Photos of life on Pagan Island ca. 1970 courtesy of Cinta Kaipat
I was eight years old when Mt. Pagan, one of two volcanoes that created Pagan Island in the Mariana Islands, erupted in 1981. Hundreds of us were evacuated to Saipan, another island in the chain under American control that also includes Guam. The U.S. authorities have kept some of us from coming back, due to the continuing threat posed by the volcano.
But now the island of our origins faces a much greater threat.
As a Pagan native, I have many precious childhood memories of this beautiful island. It remains a paradise. The water is clean and uncorrupted. It is pristine, a natural wonder.
But the U.S. military wants to turn this paradise into a live-fire training ground for sailors, pilots and Marines. In 2013, the Navy and Marines proposed expanding training activities in the Mariana Islands. Besides expanding existing facilities on the island of Tinian, the Marines have set their sights on taking over the entirety of Pagan, displacing those who still call it home.
The beaches I swam off as a child would be turned into battlegrounds 16 weeks out of the year. Hundreds of Marines would repeatedly storm these beaches in landing craft, with helicopters, fighter jets and drones screaming overhead, firing real bullets and dropping real bombs.
On May 11, the Northern Mariana Islands House of Representatives passed language to prohibit the Department of Public Lands from leasing any land for military live-fire or bombing activity. But the U.S. military still appears intent on its plan, which would turn Pagan into a wasteland. That is unacceptable to me, and to many others.
The people who want to live on Pagan now are the children of those who were there when the volcano erupted. They have deep memories and carry beautiful stories of living there from their parents.
I still live in Saipan, but go back to Pagan when I can, sometimes staying for a few months. Getting to this remote island isn’t easy. It is a 200-mile boat ride from Saipan, but it is a beautiful trip passing by many of the Northern Mariana Islands—Anatahan, Sarigan, Guguan, Alamagan and others—until you can finally see Pagan’s distinctive profile rising from the ocean waves.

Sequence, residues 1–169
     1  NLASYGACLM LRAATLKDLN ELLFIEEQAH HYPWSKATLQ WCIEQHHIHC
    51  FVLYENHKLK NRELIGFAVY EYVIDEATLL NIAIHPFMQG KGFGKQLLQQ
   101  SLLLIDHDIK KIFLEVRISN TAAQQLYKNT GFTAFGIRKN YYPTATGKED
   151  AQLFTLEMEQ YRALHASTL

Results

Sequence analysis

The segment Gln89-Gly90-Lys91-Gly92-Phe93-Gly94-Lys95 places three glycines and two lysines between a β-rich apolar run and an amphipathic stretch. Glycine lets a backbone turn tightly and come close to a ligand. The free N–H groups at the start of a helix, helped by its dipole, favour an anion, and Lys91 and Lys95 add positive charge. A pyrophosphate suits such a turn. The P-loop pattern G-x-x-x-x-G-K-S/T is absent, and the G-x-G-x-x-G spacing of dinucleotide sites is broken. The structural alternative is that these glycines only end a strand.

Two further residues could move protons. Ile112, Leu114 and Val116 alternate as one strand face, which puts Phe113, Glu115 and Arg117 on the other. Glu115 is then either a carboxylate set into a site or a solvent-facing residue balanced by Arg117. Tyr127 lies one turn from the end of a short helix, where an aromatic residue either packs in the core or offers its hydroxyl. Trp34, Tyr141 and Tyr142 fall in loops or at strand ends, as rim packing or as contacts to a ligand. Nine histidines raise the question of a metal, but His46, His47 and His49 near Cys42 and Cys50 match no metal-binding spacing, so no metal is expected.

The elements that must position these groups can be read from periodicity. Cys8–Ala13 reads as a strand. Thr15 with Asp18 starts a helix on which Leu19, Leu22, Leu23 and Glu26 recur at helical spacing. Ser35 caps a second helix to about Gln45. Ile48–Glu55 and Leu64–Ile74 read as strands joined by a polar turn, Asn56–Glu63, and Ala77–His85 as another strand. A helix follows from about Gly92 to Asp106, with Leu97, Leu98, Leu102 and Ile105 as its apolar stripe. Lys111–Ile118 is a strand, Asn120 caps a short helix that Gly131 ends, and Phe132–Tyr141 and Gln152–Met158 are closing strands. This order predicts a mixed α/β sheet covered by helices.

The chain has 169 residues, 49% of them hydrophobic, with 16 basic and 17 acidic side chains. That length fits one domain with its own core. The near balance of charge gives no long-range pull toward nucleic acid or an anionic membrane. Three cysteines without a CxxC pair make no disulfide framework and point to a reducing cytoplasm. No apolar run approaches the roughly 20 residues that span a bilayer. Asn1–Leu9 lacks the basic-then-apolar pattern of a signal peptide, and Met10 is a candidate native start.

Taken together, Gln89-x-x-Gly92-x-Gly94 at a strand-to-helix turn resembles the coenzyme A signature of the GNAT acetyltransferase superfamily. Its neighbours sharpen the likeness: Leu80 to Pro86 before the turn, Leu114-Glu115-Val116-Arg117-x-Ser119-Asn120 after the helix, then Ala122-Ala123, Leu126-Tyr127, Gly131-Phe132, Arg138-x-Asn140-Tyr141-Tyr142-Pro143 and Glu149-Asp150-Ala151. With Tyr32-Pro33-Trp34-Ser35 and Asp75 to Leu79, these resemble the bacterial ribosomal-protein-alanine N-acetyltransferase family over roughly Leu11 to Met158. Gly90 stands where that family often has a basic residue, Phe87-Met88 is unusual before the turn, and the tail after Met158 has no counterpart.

We have plans for Pagan. We want to resettle it. We want to revitalize its economy and make it a destination for ecotourists and others.
But none of this will happen if the military gets its way, and bombs and bullets fly as Marines practice storming its beaches. The people of the Marianas deserve better than this.
The military’s plans would also be an ecological disaster. Pagan is a biologically and geologically diverse island that is home to many threatened and endangered species which this high-intensity military training would destroy. Extensive degradation of the surrounding waters and reefs would also be unavoidable.
Pagan and all the Northern Islands are irreplaceable and incredibly special places. But they are vulnerable and isolated. The military thinks their highest and best use is to be bombed and blown to oblivion to ready American soldiers for Pacific conflicts that may never come.
The military is wrong, and the people of these islands will fight to protect our homes and our way of life for as long as we must.
We will prevail. We have to.
Jerome Kaipat Aldan is mayor of the Northern Islands.